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January 14, 1997updated 05 Sep 2016 12:17pm


By CBR Staff Writer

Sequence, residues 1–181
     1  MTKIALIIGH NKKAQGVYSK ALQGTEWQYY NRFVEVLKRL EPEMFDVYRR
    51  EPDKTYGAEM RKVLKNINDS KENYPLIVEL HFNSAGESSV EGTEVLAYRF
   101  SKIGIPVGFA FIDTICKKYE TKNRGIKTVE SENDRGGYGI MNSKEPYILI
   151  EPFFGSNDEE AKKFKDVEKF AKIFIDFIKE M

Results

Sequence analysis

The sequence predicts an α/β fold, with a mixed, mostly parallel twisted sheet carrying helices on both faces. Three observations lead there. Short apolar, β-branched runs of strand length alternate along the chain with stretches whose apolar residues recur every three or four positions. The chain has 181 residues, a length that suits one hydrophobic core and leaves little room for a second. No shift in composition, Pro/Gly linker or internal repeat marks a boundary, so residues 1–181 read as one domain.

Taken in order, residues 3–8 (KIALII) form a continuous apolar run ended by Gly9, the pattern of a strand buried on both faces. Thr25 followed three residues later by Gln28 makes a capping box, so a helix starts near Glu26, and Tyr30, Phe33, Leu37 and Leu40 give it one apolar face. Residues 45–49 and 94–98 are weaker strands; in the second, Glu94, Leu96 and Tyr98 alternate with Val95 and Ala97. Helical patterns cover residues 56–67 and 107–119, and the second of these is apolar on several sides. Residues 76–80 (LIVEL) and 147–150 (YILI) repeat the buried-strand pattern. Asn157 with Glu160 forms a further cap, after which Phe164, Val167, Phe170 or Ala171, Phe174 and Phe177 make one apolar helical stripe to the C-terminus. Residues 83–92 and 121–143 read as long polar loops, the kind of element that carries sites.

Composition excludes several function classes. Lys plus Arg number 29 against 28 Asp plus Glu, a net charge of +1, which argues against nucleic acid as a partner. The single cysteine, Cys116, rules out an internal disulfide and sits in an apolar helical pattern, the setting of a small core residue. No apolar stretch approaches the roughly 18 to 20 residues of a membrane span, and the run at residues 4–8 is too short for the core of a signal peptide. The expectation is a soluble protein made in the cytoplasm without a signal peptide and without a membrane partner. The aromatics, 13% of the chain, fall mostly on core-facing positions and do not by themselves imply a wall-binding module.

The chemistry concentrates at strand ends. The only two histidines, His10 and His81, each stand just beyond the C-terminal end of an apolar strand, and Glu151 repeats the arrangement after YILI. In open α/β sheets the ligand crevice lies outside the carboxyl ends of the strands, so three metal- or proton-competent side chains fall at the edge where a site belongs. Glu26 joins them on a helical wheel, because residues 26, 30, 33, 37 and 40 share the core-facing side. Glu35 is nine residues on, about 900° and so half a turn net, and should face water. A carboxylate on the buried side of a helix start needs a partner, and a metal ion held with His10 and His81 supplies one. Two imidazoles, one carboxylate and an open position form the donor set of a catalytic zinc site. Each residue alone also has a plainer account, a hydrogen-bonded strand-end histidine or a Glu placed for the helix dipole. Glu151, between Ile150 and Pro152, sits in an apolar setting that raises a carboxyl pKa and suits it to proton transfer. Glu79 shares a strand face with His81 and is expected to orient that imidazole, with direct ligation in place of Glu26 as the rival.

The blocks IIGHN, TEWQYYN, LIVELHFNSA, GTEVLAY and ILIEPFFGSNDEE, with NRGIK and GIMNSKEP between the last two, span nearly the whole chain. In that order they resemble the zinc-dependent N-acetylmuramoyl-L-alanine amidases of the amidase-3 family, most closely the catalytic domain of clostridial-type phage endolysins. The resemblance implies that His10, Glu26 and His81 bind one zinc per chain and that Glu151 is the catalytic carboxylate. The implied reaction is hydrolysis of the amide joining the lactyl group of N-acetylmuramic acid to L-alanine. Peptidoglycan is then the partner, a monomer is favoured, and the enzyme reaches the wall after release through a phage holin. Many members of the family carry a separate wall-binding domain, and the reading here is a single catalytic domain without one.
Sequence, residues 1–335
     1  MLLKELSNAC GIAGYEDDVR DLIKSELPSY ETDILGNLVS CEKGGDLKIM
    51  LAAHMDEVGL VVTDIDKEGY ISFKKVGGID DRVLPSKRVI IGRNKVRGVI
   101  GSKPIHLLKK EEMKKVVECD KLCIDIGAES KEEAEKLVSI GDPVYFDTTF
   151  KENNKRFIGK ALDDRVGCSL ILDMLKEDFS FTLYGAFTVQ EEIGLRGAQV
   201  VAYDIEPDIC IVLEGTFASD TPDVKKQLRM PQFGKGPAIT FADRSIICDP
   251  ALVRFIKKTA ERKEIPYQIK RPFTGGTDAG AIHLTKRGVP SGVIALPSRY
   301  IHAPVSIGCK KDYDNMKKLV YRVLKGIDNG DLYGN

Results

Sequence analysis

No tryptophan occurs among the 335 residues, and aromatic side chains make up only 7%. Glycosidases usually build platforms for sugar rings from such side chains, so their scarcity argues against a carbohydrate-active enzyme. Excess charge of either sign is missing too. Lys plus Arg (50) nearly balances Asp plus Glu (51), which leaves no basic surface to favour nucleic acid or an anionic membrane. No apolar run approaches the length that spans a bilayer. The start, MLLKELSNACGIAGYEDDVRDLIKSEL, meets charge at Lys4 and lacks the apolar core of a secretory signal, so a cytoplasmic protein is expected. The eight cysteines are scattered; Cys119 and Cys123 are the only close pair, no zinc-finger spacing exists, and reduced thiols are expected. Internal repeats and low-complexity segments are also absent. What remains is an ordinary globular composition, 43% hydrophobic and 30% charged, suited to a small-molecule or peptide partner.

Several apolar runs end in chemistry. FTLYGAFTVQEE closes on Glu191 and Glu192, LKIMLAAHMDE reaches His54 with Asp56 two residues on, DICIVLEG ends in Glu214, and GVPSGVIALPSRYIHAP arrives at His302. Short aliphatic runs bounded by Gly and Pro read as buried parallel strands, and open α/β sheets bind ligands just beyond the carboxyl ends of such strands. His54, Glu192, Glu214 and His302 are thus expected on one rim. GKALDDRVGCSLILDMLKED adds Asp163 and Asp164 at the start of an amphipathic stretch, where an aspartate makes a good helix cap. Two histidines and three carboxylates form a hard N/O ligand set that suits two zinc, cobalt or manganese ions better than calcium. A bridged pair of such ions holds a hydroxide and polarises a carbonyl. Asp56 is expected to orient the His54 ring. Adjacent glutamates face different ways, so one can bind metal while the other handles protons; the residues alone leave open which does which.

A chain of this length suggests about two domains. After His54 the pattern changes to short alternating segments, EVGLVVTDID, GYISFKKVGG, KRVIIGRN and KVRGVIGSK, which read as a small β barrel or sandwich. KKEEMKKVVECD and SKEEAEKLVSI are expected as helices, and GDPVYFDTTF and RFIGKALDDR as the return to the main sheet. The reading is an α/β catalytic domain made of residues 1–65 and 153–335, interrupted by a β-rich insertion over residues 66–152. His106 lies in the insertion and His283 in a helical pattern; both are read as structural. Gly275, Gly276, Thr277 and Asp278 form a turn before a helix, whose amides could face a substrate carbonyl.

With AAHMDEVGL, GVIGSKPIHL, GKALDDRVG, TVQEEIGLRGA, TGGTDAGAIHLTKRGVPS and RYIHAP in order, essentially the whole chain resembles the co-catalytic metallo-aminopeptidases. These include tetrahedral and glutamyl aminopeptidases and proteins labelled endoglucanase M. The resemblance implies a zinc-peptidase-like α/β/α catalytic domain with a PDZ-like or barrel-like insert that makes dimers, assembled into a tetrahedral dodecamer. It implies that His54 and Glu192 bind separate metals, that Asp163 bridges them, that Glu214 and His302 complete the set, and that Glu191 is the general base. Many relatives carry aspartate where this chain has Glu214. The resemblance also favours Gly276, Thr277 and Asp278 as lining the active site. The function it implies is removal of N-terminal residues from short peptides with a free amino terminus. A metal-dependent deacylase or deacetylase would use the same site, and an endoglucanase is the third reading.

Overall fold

All the talk in finance departments across the European Community is of recovery in 1997, but evidence from the markets is of deepening recession. Latest evidence that Europe is diverging from the US is that while the latter reported a semiconductor book-to-bill ratio of 1.10, in Europe, the ratio in December was on the verge of disappearing under water, dropping to 1.00 from November’s 1.05. December’s orders were off 6.4% and sales were down 1.8% from the previous three-month period, according to Brown Brothers Harriman & Co analyst William Milton. The downward trend rather than the actual number itself made the decline somewhat worrisome for Milton, who added to Dow Jones & Co that the situation warrants continued close observation at this point. The November ratio had already plunged from October’s indicator of 1.17. The European semiconductor market is more focused on telecommunication and industrial uses for chips, compared with the US, which has a higher concentration used for personal computers. In the US therefore, the indicator is a less reliable pointer to the underlying economy, because the availability of new software and new processors can boost or devastate personal computer sales whether the rest of the economy is buoyant or not.

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